DEFRA secretary Caroline Spelman has raised eyebrows after putting her name to a letter which blames intensive agriculture for the loss of biodiversity.


Mrs Spelman was one of 15 environmental ministers from across the EU who signed an open letter setting out the challenges of reversing biodiversity loss.

The letter, which appeared in the Times of Malta on Monday (2 May), lists intensive production as one of the “well-known” causes of biodiversity loss.

“The destruction, degradation and fragmentation of habitats – for example as a result of conversion, intensification of production systems or construction – over-exploitation of natural resources, the spread of invasive alien species and pollution,” it adds.

The letter came as the European Commission published a communication on biodiversity.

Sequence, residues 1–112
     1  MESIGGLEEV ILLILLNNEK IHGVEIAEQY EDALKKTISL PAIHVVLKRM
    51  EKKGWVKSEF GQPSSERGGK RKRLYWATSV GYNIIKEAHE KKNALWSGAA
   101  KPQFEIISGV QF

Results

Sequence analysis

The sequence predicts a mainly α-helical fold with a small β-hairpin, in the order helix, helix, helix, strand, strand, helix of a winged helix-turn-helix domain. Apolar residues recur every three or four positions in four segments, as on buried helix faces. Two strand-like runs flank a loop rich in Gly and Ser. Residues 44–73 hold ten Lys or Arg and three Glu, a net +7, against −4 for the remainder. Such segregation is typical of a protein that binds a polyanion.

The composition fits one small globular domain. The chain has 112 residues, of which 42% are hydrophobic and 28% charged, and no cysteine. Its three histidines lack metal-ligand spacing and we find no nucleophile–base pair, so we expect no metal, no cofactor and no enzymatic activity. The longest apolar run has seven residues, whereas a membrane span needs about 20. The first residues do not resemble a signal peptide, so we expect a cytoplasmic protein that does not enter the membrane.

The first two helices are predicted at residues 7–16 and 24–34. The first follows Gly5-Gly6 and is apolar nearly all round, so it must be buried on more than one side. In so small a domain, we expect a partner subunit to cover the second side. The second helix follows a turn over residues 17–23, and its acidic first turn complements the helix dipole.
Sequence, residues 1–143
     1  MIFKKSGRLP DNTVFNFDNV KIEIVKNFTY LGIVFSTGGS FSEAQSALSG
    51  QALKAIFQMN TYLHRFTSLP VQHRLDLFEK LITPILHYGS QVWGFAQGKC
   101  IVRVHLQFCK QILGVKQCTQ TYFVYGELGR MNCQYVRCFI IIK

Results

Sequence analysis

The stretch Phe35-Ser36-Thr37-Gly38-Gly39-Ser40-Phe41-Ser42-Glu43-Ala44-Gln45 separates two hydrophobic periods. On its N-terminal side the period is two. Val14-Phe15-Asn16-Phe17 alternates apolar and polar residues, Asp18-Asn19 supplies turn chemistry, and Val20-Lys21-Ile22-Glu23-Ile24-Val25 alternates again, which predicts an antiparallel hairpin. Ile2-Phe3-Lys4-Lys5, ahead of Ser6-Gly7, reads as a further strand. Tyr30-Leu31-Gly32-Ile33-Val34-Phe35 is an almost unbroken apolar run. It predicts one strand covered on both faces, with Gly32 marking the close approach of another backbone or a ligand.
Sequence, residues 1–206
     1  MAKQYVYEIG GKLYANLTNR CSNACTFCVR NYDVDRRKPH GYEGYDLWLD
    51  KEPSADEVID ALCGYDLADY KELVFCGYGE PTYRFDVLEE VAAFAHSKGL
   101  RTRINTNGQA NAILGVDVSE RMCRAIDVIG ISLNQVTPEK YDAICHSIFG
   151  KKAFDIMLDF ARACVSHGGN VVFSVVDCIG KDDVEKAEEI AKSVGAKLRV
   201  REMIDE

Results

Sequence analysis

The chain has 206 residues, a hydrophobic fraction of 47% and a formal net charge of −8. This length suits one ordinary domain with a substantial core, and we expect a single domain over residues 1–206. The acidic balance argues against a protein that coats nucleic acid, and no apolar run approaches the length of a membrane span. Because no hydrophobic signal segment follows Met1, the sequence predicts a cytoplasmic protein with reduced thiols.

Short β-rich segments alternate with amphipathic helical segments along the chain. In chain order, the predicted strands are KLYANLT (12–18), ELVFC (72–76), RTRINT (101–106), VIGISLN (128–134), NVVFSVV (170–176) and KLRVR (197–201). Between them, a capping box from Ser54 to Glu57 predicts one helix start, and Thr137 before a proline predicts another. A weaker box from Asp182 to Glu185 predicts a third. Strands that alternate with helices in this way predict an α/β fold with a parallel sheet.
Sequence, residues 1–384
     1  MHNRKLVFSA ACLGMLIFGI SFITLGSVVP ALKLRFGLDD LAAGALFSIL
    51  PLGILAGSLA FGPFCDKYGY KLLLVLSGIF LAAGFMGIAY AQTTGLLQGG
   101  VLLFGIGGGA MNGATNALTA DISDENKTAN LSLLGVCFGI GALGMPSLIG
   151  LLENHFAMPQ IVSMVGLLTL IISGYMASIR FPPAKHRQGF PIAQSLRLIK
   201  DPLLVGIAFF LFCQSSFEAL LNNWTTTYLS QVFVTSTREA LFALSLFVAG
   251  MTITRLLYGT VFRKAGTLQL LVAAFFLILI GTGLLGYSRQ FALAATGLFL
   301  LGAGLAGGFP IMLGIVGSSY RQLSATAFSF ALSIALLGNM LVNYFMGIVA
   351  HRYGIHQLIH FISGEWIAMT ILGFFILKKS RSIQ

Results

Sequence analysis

The document, which set out plans to maximise the amount of farmland covered by biodiversity schemes under the CAP, pointed out there were many factors which caused biodiversity damage.

While “greening policy measures” should be stepped up to prevent biodiversity loss, the 16-page communication said the CAP provided “unique opportunities” to help farmers tackle biodiversity problems.

Through direct payments, agriculture could deliver environmental public goods that went beyond cross-compliance measures, it added.

The NFU said it was surprised Mrs Spelman and the other environment ministers had gone further than the commission in laying the blame for biodiversity damage at the door of intensive farming.

The letter’s criticism of intensive production threatened to conflict with DEFRA’s business plan, the union added.

“One of DEFRA’s chief ambitions was to promote increased domestic food production,” Julie Robinson, from the NFU’s Westminster office, said.

“It’s difficult to see how that can be achieved on this small island without more intensive production and the real challenge is how to do both – more production and more biodiversity,” she added.